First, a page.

“Nowhere to Hide for Azeri Refugees.”

Ganja 2020. Destroyed buildings lead to displaced people.

By | Nika Jabi

October 29,2020

“This week the UNHCR began distributing 4000 tents and 50,000 blankets to those displaced in the recent hostilities. The organization said about 250,000 Azerbaijanis have been displaced so far this year and about 1 million since the conflict began in 1988.”

Nowhere to Hide for Azeri Refugees.”

The Guardian,Thursday September 1993

Jonathan Rugman

Above, local news, fair use. Ganja 2020. Destroyed buidlings lead to displaced people. 

My name is Aliyeva Yaqub Nurana. I was born in 1982 in the village of Ali Jaykhanli in the Jabrayil region of Azerbaijan. I have asked a Canadian-Azerbaijani writer, Nika Jabi, to share with you my story and thoughts, given that I don’t speak any English. Since September 27th we have all been following world reporting, including your articles on the war in Nagorno-Karabakh. My nephew is a university student – he had been translating everything to Azerbaijani for us. Without dissecting every headline, sentence, every insinuation in your articles – most are aware of your paper’s stance on Azerbaijan – I’d like to shed light on a side of the Karabakh war, which you inadvertently or deliberately bypass every time you write about us.

In 1993 Armenians invaded our village and I became an Internally Displaced Person. Their soldiers arrived in tanks, burned our village and began shooting villagers at close range. The rest of us ran South through the mountains, over toward the Iranian border, where we crossed the Araz river to safety. I was 11 years old.

The Jabrayil region – where I was born – was one of the 7 regions Armenians occupied in addition to Nagorno-Karabakh by 1993. Armenians never previously claimed these regions – they were 100% ethnically Azerbaijan – but they proceeded to ethnically cleanse them of every last one of us, and occupied them anyway.

My mother never talked about the war. She would always talk about our village house, and our garden and the pomegranate trees in Jabrayil, and she even kept the massive Soviet-era keys to the house, because we were sure we’d be going back soon. Like I said, I was 11 when we fled Jabrayil on foot through the mountains. My mother shaved my head bald to avoid lice and tied a scarf over my head, and I remember it slipping as we ran, and me fixing it over my ears because it was cold. I remember seeing our neighbours shot dead on the ground midway through a hill. The Armenians shot us indiscriminately because they’ve been taught from birth to hate the Turks, I later learned, but back then no-one understood the brutalities. We weren’t even Turkish. When we stumbled upon the corpses on the hill, my father picked me up on his hands, so my head would be turned the other way, toward the other refugees who were running.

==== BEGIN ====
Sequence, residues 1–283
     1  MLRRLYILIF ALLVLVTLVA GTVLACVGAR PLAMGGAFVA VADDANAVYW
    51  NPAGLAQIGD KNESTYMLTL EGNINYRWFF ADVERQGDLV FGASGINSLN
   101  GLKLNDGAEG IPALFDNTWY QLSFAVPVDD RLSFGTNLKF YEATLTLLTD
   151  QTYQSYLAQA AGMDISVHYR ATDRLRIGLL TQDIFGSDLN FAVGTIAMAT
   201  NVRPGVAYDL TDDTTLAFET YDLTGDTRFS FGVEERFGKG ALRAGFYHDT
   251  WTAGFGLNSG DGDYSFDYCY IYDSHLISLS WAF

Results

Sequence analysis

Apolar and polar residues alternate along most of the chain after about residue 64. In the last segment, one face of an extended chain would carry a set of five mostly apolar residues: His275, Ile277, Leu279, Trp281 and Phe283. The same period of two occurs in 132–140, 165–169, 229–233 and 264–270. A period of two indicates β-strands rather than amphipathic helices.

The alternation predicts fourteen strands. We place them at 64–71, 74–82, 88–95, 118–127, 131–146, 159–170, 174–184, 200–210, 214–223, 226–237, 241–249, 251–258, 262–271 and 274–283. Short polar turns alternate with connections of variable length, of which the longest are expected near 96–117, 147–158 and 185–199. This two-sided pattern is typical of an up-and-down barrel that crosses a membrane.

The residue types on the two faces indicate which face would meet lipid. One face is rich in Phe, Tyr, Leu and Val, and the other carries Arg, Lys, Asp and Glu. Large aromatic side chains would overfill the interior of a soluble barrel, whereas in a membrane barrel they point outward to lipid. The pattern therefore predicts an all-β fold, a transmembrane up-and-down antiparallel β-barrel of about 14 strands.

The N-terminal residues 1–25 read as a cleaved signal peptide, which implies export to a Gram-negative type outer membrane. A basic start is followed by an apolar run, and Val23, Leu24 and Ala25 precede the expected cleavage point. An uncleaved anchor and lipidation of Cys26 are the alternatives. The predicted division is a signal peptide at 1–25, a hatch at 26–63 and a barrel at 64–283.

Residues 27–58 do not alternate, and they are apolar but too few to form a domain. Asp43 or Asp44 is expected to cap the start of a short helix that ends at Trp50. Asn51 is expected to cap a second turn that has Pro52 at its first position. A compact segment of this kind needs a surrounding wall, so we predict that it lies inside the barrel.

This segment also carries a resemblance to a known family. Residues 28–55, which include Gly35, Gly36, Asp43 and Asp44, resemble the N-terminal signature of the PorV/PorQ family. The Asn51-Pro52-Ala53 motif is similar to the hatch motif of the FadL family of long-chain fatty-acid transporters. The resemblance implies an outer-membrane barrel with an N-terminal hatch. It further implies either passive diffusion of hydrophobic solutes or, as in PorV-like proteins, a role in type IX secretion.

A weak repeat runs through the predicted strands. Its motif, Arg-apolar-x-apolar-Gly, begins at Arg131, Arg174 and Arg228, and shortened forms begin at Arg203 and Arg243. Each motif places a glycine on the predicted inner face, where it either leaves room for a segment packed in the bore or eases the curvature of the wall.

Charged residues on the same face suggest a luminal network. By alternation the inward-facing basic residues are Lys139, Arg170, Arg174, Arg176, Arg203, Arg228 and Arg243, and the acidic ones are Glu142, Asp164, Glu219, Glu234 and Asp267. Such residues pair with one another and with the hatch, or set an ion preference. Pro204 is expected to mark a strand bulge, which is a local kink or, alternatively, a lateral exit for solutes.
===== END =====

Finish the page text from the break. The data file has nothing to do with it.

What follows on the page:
For a while we lived in tents in Iran and finally managed to arrive at a dilapidated refugee shelter in Baku. Afterward, for a decade our entire family lived in a room. We didn’t notice the years pass. Every year they talked about the peace negotiations with Armenia on TV, and this gave us hope that they’ll return our lands back and we’d be on our way home.

Around 2009 people said there was a peace deal coming (The Madrid Principles), but Armenia rejected

it entirely, preferring to maintain their illegal occupation. Our hope of returning died once again. Refusing to return any of the occupied territories – Nagorno-Karabakh or our 7 regions around it, by 2011, Armenian separatists incorporated our 7 Azerbaijani regions, including my home with our garden and pomegranate trees into what they now call “Artsakh” – an unrecognized separatist regime built on ethnic cleansing and mass murder of Azerbaijani villagers.

It has now been 28 years since we’re been forcibly displaced out of our homes. I’m 39 years old, few family members had already passed away, having never seen their homes again. For 28 years the Armenian lobby had worked to silence our voices, so that despite the world community condemning their illegal occupation, despite the UN, OSCE, European Court of Human Rights demanding their immediate withdrawal out of the occupied territories of Azerbaijan – the international community stayed silent and complaisant. Nobody put pressure on Armenia to enforce international law. The hundreds of thousands of stories of Azerbaijani refugees of those years were muted by Armenian lobby’s money and the indifference of world media toward the abhorrent human tragedy we suffered from 1988 to 1994 in Nagorno-Karabakh. 

You may have your disagreements with government officials, but why are you silencing me? There are nearly 1 million ordinary Azerbaijanis that had never seen justice. In 30 years Armenia refused to make ANY concessions, and I feel absolutely muted by your paper, when you give into Armenia lobby’s fabricated victimhood, disregarding my voice and the million voices of those like me. I’m attaching an article from your own paper; this is from September 1993. I couldn’t contain my emotions even reading it, given the level of heart and credible journalistic work that was put into it by one of your writers 28 years ago.

Given the dehumanization of Azerbaijanis in your reporting, your affinity for speaking of ordinary people as a throwaway statistic, may I ask why I deserve to be silenced now that time has passed? Does it make any of the tragedies I lived through or my broken life any less valid? May I remind you once more that there are a million of us?

Aliyeva Yaqub Nurana

Baku, Azerbaijan

Written and translated by Nika Jabi